In one embodiment, a method for biasing a split power supply based circuit during power up includes producing a pair of complimentary control signals, based on a pseudo power supply voltage that is based on a power supply voltage. The first power supply voltage is applied first during power up. The complimentary control signals indicate a presence or absence of a second power supply voltage, reaching for example a desired level, and the method includes switching from the pseudo power supply voltage to the second power voltage based on the pair of complimentary control signals.

In another embodiment, a circuit is disclosed that accommodates more than two power supplies and suitably switches a biasing voltage to bias for example cascoded devices during for example power up, to provide a type of power up over voltage protection.

FIG. 1 is a block diagram of a power up biasing circuit 10 for a split power supply based circuit, such as cascoded devices, or any other suitable circuit that employs two or more supply voltages at the same time. For example, there are at least two power supply voltages connected to the power up biasing circuit 10.

The power up biasing circuit 10 includes a split power supply state sensing circuit 12 and a bias selector circuit 14 that outputs a bias voltage 16 for biasing MOS devices or any other suitable devices that require over voltage protection.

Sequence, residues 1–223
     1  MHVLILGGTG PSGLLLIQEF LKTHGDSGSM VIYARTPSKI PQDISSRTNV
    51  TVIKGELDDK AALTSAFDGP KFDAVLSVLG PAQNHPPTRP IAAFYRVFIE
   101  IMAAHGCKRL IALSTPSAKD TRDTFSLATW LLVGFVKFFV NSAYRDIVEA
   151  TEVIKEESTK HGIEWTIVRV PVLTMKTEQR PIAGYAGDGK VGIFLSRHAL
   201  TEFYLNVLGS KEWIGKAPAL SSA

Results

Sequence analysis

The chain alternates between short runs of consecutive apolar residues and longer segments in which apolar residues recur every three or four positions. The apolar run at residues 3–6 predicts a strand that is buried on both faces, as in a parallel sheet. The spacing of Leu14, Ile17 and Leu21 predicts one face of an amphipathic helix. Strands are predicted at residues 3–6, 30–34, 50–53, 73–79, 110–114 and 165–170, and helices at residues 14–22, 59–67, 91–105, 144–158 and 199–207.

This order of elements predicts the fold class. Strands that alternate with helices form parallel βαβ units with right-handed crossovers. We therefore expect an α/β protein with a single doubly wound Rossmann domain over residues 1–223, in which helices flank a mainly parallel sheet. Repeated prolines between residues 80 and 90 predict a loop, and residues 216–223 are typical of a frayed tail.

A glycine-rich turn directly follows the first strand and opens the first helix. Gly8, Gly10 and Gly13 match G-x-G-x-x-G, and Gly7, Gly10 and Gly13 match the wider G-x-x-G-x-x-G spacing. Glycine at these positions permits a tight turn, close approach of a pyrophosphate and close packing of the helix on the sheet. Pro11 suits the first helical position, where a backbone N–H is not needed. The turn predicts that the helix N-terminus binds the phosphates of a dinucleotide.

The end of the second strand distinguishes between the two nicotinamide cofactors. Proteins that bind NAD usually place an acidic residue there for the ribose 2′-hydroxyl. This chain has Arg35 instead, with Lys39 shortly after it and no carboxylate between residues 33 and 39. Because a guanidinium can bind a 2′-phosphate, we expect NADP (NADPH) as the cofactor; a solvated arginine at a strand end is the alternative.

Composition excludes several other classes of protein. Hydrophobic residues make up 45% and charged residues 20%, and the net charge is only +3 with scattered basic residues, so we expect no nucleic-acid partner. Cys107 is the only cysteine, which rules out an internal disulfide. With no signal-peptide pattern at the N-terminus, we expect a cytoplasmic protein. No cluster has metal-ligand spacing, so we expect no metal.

The split power supply state sensing circuit 12 includes a plurality of inputs (such as input nodes) that receive for example a first power supply voltage 18 and a second and lower power supply voltage 20 referred to as VDDHI and VDDLO respectively. As such, the power supply voltage 20 is lower than the power supply voltage 18. For example, the power supply voltage 18 may be, for example, 5 volts or 3.3 volts and the lower voltage supply 20 may be, for example, 3.3 or 1.8 volts respectively. However, it will be recognized as any suitable voltage levels may be used. The split power supply state sensing circuit 12 also receives a pseudo power supply voltage 22 that is based on the first power supply voltage 18. The split power supply state sensing circuit 12 produces a pair of complimentary control signals 24 and 26 such as inverted signals which indicate a presence or absence of a desired level of the second power supply voltage 20.